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1

R1 and C1 increase the slew rate of the signal being seen by the comparator, to make for cleaner transitions between states. R2 and C2 establish the reference voltage used for comparisons based on the long-term DC value of the input waveform. It also prevents the reference voltage from drifting "off center" during asymmetrical input data patterns. ...


1

The usefulness of a highpass or differentiator depends on your signal. In a noisy environment a differentiator would rather harm. But if your signal comes in too much low-pass filtered a differentiator can help to restore the edges. Basically you then place the positive edge at the onset of a positive move and vice versa.


4

Justme's answer is very possible. Expanded here. I have used photodiodes directly connected to a GPIO pin, along with a small-value capacitor to detect light. A LED should work as detector too. The GPIO digital pins must be able to switch from input to output - most are versatile-enough to do this. It may help if the GPIO pins can generate an interrupt-on-...


8

Yes, certainly is possible. For further info, I suggest finding a copy of a MERL reseach report by Dietz et al from 2003 how they did it. It does not in fact produce enough voltage to detect it with the MCU directly. It usually is done in a way that enables the generated photocurrent to discharge the parasitic junction capacitance of the LED which is first ...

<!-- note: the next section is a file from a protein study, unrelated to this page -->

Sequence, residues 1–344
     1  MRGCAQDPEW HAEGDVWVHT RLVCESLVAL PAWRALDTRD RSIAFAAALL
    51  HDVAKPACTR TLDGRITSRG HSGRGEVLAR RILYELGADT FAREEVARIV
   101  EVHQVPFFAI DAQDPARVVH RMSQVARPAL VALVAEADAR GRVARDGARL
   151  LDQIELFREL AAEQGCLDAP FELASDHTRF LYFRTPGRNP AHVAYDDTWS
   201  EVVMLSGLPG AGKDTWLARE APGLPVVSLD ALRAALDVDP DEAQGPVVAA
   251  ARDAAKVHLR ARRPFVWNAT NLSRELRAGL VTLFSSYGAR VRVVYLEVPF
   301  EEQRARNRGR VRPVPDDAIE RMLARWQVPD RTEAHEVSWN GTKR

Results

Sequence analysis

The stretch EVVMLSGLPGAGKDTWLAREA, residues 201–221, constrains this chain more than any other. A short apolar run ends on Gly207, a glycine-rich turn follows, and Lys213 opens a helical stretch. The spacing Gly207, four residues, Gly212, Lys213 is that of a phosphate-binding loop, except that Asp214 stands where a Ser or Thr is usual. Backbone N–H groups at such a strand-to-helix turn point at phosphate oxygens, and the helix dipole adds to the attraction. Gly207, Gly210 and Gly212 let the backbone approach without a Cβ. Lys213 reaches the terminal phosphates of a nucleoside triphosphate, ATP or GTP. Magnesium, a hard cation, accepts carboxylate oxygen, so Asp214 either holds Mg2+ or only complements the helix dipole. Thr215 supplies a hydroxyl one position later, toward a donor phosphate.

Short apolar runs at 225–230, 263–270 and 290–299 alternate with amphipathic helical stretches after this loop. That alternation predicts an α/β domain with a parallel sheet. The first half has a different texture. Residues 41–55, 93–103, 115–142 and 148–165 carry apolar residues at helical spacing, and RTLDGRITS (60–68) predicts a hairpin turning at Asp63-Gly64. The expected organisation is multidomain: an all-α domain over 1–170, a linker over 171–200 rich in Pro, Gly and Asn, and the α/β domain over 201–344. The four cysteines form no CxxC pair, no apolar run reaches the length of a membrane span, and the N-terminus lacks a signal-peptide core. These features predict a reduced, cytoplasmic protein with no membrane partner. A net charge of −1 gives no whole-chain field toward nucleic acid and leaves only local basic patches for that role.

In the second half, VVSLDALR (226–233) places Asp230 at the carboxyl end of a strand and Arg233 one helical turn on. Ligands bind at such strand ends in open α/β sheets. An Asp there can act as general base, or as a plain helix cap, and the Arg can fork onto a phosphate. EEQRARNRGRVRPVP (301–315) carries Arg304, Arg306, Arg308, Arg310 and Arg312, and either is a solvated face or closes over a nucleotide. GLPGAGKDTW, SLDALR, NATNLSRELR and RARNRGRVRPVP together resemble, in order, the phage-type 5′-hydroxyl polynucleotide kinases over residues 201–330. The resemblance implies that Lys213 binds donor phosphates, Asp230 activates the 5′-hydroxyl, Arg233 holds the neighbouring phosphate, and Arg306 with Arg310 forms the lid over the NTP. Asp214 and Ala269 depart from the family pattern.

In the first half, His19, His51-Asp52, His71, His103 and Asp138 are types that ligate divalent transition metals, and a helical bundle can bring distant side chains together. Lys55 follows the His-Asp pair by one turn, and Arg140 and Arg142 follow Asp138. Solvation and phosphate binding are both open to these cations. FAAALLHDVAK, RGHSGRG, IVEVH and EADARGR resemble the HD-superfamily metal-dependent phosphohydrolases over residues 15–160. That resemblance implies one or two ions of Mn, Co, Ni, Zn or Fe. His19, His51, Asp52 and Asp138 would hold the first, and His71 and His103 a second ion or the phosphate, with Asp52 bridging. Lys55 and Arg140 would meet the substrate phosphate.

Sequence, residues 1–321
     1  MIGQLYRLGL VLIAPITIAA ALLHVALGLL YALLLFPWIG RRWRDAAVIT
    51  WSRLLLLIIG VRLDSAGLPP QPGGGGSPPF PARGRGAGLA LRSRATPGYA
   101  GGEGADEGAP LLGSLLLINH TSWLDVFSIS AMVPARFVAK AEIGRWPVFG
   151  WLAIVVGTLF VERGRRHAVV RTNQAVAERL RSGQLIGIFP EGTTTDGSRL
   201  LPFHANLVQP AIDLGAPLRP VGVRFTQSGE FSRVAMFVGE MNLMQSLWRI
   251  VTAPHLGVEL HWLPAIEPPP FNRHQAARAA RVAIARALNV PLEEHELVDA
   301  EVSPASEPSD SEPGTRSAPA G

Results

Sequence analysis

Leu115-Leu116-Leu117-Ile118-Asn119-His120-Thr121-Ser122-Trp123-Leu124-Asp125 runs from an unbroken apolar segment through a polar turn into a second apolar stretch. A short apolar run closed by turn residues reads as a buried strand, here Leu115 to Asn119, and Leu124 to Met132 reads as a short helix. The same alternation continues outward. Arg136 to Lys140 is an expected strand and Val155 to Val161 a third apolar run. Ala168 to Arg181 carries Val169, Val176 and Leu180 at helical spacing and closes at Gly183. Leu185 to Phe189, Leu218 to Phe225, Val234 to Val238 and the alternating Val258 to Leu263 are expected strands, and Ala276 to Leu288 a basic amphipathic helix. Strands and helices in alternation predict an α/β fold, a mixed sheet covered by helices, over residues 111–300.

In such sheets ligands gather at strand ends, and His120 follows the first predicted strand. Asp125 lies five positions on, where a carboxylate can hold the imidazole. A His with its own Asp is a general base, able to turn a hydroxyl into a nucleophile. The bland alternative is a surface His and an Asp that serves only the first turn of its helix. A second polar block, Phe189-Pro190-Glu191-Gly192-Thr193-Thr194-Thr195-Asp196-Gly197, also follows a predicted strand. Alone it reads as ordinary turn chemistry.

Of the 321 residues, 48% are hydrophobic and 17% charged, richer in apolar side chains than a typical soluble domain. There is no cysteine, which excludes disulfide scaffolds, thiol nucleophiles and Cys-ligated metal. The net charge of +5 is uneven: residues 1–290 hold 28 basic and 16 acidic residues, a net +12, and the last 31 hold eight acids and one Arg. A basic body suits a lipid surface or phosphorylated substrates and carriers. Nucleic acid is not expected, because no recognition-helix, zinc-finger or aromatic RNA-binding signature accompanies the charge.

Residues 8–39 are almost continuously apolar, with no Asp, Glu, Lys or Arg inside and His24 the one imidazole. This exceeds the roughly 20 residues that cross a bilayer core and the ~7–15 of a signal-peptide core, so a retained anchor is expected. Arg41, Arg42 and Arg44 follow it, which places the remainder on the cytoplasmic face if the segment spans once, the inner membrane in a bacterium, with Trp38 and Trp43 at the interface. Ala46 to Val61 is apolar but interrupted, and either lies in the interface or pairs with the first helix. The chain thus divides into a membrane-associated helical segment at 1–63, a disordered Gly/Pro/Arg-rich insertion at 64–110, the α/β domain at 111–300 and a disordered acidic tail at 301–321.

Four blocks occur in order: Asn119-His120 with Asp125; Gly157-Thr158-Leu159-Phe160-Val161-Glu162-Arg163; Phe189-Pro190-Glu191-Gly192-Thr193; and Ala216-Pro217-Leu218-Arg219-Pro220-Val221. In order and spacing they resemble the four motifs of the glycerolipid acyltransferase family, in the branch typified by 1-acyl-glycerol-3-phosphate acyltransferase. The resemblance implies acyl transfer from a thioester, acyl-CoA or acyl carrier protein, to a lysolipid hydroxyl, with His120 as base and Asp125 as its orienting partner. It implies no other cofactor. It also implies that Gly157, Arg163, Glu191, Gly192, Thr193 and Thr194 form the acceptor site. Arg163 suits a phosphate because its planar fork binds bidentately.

11

Ordinary LEDs can also be used to detect incident light, because they work as photodiodes too. You will need to amplify the incoming signal. Take a look at this projects (Jeff Han is the first one that used LEDs as sensors): https://cs.nyu.edu/~jhan/ https://hackaday.com/2016/06/17/ask-hackaday-whatever-happened-to-led-light-sensors/ Or google "LEDs as ...


2

You will not be harmed by receiving radio signals on an antenna unless you are extremely close to the transmitter. In any case, those signals are present at your location whether you have a receiver or not. It is also doubtful if you can receive a signal at 400 GHz if your receiver is only supposed to work up to 6 GHz. It is probably generated internally by ...


0

I have two such transceivers ... With two independent transcievers, there's no reason they should drift together in phase. You would have to supply both from the same 10 MHz reference signal if you wanted them to stay coherent. Even then, reprogramming one to a different frequency and back again would randomise the phase. Generally the absolute phase of a ...


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